Flossie: All of Hawaii on tropical storm warning

OSKAR GARCIA, Associated Press
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This NOAA satellite image taken Monday, July 29, 2013 at 1:45 a.m. EDT shows a stationary front across eastern Colorado, central Wyoming and into western Montana.  Showers and thunderstorms are scattered across the Great Basin, and the Central/Northern Rockies. A surface trough is producing showers and a few thunderstorms over New Mexico and western Texas. Tropical Storm Flossie is approaching the Big Island of Hawaii with max winds of 60 mph. Slow weakening is forecast in the next 24 hours. (AP Photo/Weather Underground)

This NOAA satellite image taken Monday, July 29, 2013 at 1:45 a.m. EDT shows a stationary front across eastern Colorado, central Wyoming and into western Montana. Showers and thunderstorms are scattered across the Great Basin, and the Central/Northern Rockies. A surface trough is producing showers and a few thunderstorms over New Mexico and western Texas. Tropical Storm Flossie is approaching the Big Island of Hawaii with max winds of 60 mph. Slow weakening is forecast in the next 24 hours. (AP Photo/Weather Underground)

HONOLULU (AP) — A tropical storm making its way toward Hawaii had residents of Maui and the Big Island on Monday bracing for possible flooding, 60 mph wind gusts and waves that could reach as high as 18 feet.

Tropical Storm Flossie could also bring mudslides, tornadoes and waterspouts, forecasters said.

Local television stations statewide extended morning news, pre-empting syndicated daytime shows to cover the storm’s approach. With the storm still miles away, footage shown live showed minimal effects on the Big Island and Maui beyond some drizzles and big waves.

But state and local officials repeatedly warned residents and tourists to prepare for the worst and hope for the best.

“Please stay home and in a secured, sheltered area,” Hawaii County Mayor Billy Kenoi said.

The center of the storm was about 90 miles northeast of Hilo on the Big Island on Monday morning. It had sustained winds of about 40 mph but was breaking apart as it approached the islands, creating separate fronts of wind and rain expected to pelt the archipelago.

The National Weather Service on Sunday issued a tropical storm warning for Oahu, Hawaii’s most populous island with the city of Honolulu, to go along with previous warnings for the Big Island, Maui, Molokai and Lanai. It later issued a warning for Kauai and Niihau, saying a small change in Flossie’s track could result in higher winds.

The warnings mean the storm represents a threat to life and property.

“For the folks on the Big Island and Maui, if you’re preparing your home, you should be rushing those preparations to completion,” said Michael Cantin, a warning coordination meteorologist with the service in Honolulu.

Hawaii Gov. Neil Abercrombie signed an emergency proclamation in anticipation of the storm, allowing the state to use its disaster fund to pay for staff overtime, supplies and other resources. The proclamation also allows the state to call Hawaii National Guard members to duty, if necessary.

Although the storm had weakened somewhat by Monday, the weather service warned that it could remain a threat through Wednesday.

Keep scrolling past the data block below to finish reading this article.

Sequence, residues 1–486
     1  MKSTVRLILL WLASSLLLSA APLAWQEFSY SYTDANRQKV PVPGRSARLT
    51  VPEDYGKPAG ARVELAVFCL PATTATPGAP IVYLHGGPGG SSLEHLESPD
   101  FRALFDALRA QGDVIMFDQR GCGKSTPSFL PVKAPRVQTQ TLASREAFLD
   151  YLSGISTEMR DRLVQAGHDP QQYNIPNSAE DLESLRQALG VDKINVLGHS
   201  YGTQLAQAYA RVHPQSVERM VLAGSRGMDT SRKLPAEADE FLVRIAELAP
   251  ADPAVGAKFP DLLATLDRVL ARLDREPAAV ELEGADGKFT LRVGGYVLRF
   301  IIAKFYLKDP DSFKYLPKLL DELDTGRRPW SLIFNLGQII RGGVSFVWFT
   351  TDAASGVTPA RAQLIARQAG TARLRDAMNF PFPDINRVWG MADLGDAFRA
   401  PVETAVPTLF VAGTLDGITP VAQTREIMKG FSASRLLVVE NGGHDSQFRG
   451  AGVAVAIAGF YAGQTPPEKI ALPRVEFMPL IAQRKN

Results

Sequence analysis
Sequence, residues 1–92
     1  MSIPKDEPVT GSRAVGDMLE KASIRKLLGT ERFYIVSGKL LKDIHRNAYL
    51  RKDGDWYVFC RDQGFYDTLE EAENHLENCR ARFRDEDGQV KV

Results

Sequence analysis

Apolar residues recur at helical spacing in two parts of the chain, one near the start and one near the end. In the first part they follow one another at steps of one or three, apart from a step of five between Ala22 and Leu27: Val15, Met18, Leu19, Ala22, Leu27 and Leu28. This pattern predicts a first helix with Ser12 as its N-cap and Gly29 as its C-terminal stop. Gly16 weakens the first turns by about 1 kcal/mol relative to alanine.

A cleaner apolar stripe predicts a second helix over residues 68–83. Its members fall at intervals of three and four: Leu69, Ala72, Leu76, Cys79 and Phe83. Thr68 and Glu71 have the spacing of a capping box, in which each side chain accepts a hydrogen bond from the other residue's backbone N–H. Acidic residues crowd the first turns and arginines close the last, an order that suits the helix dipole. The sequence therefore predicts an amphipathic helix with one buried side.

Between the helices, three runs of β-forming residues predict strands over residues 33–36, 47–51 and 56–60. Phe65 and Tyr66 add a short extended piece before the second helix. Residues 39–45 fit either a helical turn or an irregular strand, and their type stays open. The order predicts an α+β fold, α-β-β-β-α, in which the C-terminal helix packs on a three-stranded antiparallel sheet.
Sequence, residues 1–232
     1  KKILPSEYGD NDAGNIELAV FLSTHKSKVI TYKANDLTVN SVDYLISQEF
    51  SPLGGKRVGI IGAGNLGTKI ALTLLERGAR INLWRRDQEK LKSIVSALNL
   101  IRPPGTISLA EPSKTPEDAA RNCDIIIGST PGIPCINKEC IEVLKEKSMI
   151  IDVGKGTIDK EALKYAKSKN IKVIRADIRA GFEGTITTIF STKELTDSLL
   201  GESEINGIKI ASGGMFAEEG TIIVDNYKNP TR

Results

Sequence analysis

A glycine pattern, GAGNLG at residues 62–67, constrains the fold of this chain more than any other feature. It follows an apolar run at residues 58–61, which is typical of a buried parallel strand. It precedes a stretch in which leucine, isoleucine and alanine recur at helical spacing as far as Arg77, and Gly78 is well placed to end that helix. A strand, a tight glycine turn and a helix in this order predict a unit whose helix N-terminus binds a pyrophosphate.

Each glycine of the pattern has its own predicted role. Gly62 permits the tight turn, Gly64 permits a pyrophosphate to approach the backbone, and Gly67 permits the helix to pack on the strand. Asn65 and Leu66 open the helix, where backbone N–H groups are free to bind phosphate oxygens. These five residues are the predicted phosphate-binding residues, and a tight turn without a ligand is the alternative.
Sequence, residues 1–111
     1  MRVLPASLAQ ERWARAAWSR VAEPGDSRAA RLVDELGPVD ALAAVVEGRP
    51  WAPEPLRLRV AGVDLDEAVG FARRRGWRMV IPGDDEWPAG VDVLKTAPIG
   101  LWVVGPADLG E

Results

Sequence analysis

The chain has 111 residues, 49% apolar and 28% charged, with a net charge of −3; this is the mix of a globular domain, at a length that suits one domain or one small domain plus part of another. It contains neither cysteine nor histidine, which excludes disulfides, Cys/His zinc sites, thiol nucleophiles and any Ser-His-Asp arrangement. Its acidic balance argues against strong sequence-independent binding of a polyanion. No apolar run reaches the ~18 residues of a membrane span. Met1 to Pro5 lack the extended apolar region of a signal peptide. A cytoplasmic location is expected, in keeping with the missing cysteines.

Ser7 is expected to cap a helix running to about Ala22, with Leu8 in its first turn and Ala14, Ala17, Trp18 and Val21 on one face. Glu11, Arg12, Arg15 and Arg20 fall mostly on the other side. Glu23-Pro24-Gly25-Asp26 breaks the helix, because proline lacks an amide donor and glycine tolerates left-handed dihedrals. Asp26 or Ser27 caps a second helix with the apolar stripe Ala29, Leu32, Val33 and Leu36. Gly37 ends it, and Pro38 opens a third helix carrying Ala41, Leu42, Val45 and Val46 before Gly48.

“I woke up to blue skies. It was just a beautiful day out,” Ian Shortridge, 22, of Kealakekua, on the west side of the Big Island, said Monday. “It hasn’t rained all morning. We are waiting for the rain.”

Despite the lack of action, people were busy preparing on Sunday, Shortridge said. He was having lunch at a McDonald’s restaurant, when he started to hear drilling and saw that employees were boarding up the windows. Store shelves were running low of essentials like bottled water and toilet paper, he said.

Television footage aired on Hawaii News Now from Maui showed high surf breaking on rocks near Hana at around 7 a.m. local time. Forecasters also reported dangerous waves hitting the eastern shores of the Big Island.

Cantin said wind gusts likely will be able to knock down power poles and blow away loose objects. He said people should be careful of trying to walk or drive across water if floods happen.

“It takes about 6 inches of water to knock you off your feet … 12 inches to move a vehicle,” he said.

Officials warned people to cancel beach trips, finish necessary storm preparations and evacuate if asked by local officials.

The U.S. Coast Guard has closed three ports — two on the Big Island where the storm was expected first and a third port on Maui. College campuses and courts were also to be closed Monday on the Big Island. The Red Cross was gathering volunteers to staff 24 shelters statewide. There were five people at the Big Island’s nine shelters on Monday morning, said Darryl Oliveira, Hawaii County Civil Defense director.

Mike McCartney, chief executive of the Hawaii Tourism Authority, said some airlines have begun to adjust flights and visitors should double-check plans. Airports statewide were open Monday but many flights were being canceled.

Trails and campgrounds were closed on the Big Island, where state officials warned people to avoid forest areas until Flossie clears.

The storm is expected to drop 6 inches to 10 inches of rain, with higher amounts on the eastern side and less on the western side of islands.

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Associated Press writer Christopher Weber in Los Angeles contributed to this report.

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